### B. Model discrepancy

*Model discrepancy*^{21} refers to a nonzero difference between the (i) expected measurement of the system output over repeated experiments with the same input/conditions and (ii) the prediction of the system output by the model. If significantly present and not accounted for in the model of the data-generating process, model discrepancy corrupts the BSI solution to an inverse problem.^{108} First, disregarded model discrepancy introduces bias, i.e., the posterior density of the parameter/input will not be centered at the true value even as more and more data are collected. Second, it leads to mis-calibrated uncertainty quantification, i.e., the posterior credible interval will not be likely to contain the true value of the parameter/input.

*x*) (a random variable dependent on the input,

*x*) as a Gaussian process

^{109}and infer it from data.

^{21,108,110}That is, we model the measured system output

*Y*

_{obs}as

*f*

_{β}(

*x*) the (inadequate) forward model and

*E*the noise, which by definition has mean zero. The model discrepancy function Δ(

*x*) aims to capture the input-dependent difference between reality (which we probe through sampling the output of the system

*Y*

_{obs}for a given input

*x*) and the model predictions.

### C. Model selection

We assumed that the model structure—in our study, the functional form/shape of the lime temperature as a function of time, *θ*(*t*)—is known (see Table 2a). In *model selection*, the task is to select the best model of a physical system among a set of candidate models, given data. Bayesian approaches to model selection include the Bayesian information criterion^{111} and Bayes factors^{39,112} based on the evidence function.^{40,113}

### D. Other methods to approximate the posterior distribution

Here, we employed the NUTS^{61} Markov chain Monte Carlo method to obtain samples from the posterior distribution to approximate it. Other methods to approximate a posterior distribution include (i) other Monte Carlo sampling methods, including the Gibbs sampler,^{114} adaptive Metropolis algorithm,^{115} sequential Monte Carlo,^{43} and approximate Bayesian computation (ABC),^{116} and (ii) obtaining an analytical expression as an approximation to the posterior, including the Laplace approximation and variational Bayes.^{117} The BSI practitioner must consider accuracy, speed, and ease of implementation^{43} when choosing a method to approximate their posterior at hand.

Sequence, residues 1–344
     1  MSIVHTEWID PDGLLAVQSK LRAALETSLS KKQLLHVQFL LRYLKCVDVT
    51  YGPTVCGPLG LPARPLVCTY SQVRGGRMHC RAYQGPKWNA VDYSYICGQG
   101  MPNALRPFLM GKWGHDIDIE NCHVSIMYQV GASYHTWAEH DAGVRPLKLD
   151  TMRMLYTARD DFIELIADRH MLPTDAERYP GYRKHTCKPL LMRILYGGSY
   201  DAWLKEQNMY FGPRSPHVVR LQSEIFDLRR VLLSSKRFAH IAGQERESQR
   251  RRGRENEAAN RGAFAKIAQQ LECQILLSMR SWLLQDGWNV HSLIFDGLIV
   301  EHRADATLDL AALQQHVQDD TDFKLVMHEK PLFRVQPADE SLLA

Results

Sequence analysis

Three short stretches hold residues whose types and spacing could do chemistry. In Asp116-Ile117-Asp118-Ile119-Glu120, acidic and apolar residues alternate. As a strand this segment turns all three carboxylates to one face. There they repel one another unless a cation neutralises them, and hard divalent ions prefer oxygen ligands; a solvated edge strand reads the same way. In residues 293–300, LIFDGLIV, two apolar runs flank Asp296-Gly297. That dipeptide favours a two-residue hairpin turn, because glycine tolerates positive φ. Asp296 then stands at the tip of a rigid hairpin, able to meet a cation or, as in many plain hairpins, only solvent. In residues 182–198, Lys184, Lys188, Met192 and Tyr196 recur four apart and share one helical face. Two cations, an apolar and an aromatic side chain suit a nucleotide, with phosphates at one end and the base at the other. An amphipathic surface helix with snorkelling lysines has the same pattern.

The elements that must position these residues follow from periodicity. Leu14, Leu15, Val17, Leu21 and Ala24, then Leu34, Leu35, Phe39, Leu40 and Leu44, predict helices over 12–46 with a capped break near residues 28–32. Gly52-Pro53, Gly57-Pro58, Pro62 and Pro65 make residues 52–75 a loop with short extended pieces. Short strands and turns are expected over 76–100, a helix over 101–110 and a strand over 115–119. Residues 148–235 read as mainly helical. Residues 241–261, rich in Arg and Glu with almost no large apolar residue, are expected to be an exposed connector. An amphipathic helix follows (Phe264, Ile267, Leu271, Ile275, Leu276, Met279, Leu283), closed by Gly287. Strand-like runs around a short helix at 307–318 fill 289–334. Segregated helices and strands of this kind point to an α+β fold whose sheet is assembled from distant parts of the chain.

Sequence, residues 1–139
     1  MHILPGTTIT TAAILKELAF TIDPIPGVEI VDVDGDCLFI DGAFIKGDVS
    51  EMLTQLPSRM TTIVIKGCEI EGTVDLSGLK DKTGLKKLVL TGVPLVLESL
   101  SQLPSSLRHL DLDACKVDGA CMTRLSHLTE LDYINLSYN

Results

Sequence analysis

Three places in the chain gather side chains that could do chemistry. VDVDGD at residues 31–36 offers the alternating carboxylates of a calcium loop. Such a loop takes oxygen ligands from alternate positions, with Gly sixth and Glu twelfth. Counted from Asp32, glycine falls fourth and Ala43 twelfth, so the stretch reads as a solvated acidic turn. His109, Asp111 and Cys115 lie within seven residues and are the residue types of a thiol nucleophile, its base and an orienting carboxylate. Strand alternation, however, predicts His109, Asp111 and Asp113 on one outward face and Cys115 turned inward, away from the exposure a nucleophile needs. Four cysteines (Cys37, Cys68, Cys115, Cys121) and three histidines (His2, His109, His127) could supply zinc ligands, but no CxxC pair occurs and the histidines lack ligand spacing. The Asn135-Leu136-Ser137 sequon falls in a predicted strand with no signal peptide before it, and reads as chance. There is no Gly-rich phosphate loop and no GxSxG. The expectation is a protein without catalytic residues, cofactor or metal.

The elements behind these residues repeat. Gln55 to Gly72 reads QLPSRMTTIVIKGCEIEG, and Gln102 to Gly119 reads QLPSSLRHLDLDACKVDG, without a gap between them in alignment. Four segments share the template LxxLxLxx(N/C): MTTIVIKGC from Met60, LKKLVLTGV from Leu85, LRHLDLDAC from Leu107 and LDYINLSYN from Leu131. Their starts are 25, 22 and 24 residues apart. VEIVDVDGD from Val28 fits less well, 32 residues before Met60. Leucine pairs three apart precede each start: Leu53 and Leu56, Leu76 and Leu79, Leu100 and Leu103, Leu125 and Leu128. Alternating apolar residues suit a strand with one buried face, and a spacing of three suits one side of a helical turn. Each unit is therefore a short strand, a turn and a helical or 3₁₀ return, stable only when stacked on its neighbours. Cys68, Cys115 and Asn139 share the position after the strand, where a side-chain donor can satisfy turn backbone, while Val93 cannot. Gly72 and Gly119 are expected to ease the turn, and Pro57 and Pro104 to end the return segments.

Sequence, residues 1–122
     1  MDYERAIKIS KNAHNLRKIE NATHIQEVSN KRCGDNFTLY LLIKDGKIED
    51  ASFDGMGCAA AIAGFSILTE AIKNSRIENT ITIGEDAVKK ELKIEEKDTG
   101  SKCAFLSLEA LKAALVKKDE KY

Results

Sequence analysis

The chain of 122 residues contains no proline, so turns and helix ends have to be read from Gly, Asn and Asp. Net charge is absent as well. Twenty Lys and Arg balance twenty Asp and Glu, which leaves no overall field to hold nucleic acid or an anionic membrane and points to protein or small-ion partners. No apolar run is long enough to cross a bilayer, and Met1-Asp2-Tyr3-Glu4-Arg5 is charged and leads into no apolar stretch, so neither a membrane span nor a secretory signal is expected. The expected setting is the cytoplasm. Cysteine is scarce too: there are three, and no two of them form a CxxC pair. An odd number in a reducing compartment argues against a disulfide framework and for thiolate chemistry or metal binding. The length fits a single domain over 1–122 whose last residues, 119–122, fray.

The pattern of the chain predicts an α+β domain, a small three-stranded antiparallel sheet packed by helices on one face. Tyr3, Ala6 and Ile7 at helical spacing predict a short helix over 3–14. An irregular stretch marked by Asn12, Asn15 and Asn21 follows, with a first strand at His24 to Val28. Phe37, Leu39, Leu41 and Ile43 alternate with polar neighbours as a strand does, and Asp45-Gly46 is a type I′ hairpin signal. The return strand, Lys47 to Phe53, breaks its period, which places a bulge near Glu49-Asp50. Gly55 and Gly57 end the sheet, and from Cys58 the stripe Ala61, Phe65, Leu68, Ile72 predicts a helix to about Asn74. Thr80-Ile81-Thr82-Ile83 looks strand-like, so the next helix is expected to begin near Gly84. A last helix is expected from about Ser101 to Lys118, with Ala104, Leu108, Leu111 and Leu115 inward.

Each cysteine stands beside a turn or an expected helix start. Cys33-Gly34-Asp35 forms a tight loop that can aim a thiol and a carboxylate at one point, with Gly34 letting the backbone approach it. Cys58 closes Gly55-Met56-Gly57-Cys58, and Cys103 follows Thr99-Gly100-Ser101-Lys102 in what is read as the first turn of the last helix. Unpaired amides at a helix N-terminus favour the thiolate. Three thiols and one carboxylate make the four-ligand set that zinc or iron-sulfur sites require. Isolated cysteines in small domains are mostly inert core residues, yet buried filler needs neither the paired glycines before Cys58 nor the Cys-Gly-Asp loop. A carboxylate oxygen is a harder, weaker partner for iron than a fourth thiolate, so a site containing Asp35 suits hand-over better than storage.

### E. Classical approaches to inverse problems

A traditional approach to inverse problems is least squares to minimize the mismatch between the data and the model predictions by tuning the unknown input/parameter. For overdetermined inverse problems, bootstrapping,^{118} asymptotic theory,^{119} and the Hessian of the loss function^{120} can provide uncertainty estimates for the unknown input/parameters within the least squares framework—and for new predictions by the model. To handle ill-posed and/or ill-conditioned inverse problems, Tikhonov regularization^{121,122} provides a means to incorporate prior assumptions into their solutions by augmenting least squares. For example, the ill-posed problem of determining the initial temperature profile of a rod from a measurement of its temperature profile later in time may be tackled by augmenting the least-squares loss function with a regularization term to promote smooth solutions.^{123} Tikhonov regularization is intimately connected with BSI.^{13,14,34,38} However, BSI is more versatile and better-grounded in theory; consequently, BSI provides a more interpretable means of incorporating prior assumptions/information, and BSI entertains and weighs multiple solutions for uncertainty quantification.